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Goldman Sachs: Heads I Win, Tails You Lose

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New private-equity fund exploits those who have no choice but to sell.

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Editor's Note: The following was posted in real time on our premium Buzz & Banter (click for a free trial). It's being shared here for the benefit of the Minyanville community.


This morning, Bloomberg reported that Goldman Sachs (GS) is raising a $5.5 billion fund to purchase private-equity interests in the secondary market. From experience, the secondary market for private equity isn't a market you'd ever send your kids to shop in. As a trading buddy of mine would say, it's why we have nostrils - to make it easy to rip someone's face off.

And that's what Goldman and others are betting: That there are investors who have no choice but to sell (including college endowments and other long-term investors who followed the "glitz" of private equity and hedge funds, failing to accurately understand the consequences of long term commitments.)

So sell they will - and into Goldman's one-sided market. Yet another real-time example of the ugly flip side of financial staying power.

This morning's Wall Street Journal reveals another 2-sided coin - one exemplified by the current banking system. A front-page article criticizes TARP-recipient banks for raising fees on basic lending and deposit products, while a column in the third section reveals that those same fee increases are likely behind the improving earnings picture for the financial-services industry.

As the history of Fannie Mae (FNM) and Freddie Mac (FRE) reveals, you can't be the slave of 2 masters. And with the government now playing multiples roles within the banks -- regulator, owner, deposit guarantor, debt guarantor, toxic asset guarantor and creditor -- I would offer that the conflicts of interest are abundant.

But while others would suggest that the bottom is in, I would offer that, until the re-balancing of populism and capitalism is clear, all economic recovery bets are off. Calm, while better than crisis, is no guarantee of future performance. And from where I sit, it feels to me like we are just seeing the first shots of the Battle of Confusion Corner - that treacherous intersection of Wall Street, Main Street and Constitution Avenue.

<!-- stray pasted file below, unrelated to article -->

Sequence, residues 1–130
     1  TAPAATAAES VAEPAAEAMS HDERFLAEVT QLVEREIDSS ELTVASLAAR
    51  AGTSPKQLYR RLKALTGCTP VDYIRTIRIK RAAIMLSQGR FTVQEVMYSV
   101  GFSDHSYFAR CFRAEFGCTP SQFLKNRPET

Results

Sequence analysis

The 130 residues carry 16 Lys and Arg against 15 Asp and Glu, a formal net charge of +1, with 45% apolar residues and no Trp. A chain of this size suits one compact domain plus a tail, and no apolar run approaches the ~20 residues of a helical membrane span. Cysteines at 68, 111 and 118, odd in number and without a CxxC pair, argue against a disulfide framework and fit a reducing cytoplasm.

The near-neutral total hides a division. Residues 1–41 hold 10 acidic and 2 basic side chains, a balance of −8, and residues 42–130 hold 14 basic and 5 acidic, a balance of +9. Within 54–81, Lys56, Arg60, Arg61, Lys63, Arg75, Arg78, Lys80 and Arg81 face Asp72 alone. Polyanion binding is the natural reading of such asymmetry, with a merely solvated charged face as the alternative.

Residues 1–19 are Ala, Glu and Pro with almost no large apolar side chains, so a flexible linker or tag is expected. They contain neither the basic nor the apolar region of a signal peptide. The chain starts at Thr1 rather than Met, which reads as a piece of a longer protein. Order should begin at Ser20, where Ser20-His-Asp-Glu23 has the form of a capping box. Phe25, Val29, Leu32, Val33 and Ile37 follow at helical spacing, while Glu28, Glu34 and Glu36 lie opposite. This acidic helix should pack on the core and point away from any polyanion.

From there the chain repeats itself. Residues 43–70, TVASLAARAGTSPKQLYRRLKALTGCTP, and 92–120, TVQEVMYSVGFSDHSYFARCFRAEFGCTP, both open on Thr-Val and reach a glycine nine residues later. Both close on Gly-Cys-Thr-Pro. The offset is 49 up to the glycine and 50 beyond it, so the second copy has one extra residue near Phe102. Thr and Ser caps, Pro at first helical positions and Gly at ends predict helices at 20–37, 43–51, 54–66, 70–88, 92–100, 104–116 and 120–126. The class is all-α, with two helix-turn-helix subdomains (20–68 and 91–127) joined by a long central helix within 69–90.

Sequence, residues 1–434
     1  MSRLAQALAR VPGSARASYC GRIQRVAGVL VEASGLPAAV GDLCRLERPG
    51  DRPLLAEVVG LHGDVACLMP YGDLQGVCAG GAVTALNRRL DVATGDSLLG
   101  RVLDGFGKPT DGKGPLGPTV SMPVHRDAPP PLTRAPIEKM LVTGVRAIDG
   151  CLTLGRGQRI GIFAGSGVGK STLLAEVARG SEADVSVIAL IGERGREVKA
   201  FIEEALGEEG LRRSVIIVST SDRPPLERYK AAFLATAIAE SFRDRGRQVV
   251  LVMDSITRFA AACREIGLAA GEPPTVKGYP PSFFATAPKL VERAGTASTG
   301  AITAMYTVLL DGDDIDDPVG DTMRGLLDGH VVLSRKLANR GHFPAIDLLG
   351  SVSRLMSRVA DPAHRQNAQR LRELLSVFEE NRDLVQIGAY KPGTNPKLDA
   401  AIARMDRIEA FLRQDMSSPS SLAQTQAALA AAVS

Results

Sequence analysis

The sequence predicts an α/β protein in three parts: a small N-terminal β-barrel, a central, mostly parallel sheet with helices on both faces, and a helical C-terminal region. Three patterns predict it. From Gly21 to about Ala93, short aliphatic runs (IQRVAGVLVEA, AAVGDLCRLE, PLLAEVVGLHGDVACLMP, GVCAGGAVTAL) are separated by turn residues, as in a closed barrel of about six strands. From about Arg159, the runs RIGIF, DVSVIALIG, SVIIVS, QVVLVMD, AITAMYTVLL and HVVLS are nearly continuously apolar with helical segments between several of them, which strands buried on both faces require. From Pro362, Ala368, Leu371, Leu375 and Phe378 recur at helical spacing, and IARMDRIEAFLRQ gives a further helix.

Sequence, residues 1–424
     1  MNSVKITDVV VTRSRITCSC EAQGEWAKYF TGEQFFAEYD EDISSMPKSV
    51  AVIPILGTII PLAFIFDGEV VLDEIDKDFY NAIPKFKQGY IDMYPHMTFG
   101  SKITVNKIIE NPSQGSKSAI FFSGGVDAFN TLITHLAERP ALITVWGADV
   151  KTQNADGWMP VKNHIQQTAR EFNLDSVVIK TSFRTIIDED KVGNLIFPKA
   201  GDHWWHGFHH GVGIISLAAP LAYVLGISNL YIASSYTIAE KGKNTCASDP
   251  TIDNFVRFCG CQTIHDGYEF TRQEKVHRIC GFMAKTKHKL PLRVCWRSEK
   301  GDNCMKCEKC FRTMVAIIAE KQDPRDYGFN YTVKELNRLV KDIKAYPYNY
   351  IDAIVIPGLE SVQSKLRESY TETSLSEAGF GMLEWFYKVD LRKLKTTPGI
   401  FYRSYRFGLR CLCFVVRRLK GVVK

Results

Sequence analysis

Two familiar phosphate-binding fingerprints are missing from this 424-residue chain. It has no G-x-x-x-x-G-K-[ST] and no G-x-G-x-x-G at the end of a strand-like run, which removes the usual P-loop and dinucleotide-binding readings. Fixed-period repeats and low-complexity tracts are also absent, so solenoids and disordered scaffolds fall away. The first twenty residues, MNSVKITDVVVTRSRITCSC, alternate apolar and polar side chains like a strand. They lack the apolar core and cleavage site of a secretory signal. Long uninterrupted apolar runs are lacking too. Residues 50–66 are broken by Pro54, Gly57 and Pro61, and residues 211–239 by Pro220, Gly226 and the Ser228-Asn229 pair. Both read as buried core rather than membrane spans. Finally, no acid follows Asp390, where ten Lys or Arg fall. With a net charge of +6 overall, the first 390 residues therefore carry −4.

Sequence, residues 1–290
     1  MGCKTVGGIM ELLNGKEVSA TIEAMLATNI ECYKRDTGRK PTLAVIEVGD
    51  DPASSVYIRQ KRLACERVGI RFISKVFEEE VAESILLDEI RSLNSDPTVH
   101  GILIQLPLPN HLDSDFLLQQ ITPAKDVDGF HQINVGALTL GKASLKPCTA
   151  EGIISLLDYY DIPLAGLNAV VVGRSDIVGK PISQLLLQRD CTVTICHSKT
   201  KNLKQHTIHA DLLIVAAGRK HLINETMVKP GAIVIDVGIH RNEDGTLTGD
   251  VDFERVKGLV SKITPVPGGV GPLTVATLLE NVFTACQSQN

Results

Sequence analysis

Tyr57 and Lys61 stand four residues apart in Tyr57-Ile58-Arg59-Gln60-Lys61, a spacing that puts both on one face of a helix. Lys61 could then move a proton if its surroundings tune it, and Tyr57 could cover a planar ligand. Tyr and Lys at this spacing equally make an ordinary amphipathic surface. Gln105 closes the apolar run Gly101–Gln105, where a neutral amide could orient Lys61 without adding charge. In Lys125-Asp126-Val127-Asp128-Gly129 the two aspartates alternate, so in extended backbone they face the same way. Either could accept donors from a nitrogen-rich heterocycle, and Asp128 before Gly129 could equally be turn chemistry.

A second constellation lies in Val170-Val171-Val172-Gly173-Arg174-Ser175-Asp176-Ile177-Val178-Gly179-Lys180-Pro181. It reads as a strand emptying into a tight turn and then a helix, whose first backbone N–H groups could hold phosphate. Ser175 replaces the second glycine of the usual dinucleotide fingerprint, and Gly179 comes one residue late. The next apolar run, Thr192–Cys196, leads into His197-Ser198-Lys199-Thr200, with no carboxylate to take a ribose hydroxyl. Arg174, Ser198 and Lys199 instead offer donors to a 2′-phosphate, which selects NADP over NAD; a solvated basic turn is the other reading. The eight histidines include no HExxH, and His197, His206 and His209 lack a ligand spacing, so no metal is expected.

Position in FAZ, JPM
The information on this website solely reflects the analysis of or opinion about the performance of securities and financial markets by the writers whose articles appear on the site. The views expressed by the writers are not necessarily the views of Minyanville Media, Inc. or members of its management. Nothing contained on the website is intended to constitute a recommendation or advice addressed to an individual investor or category of investors to purchase, sell or hold any security, or to take any action with respect to the prospective movement of the securities markets or to solicit the purchase or sale of any security. Any investment decisions must be made by the reader either individually or in consultation with his or her investment professional. Minyanville writers and staff may trade or hold positions in securities that are discussed in articles appearing on the website. Writers of articles are required to disclose whether they have a position in any stock or fund discussed in an article, but are not permitted to disclose the size or direction of the position. Nothing on this website is intended to solicit business of any kind for a writer's business or fund. Minyanville management and staff as well as contributing writers will not respond to emails or other communications requesting investment advice.

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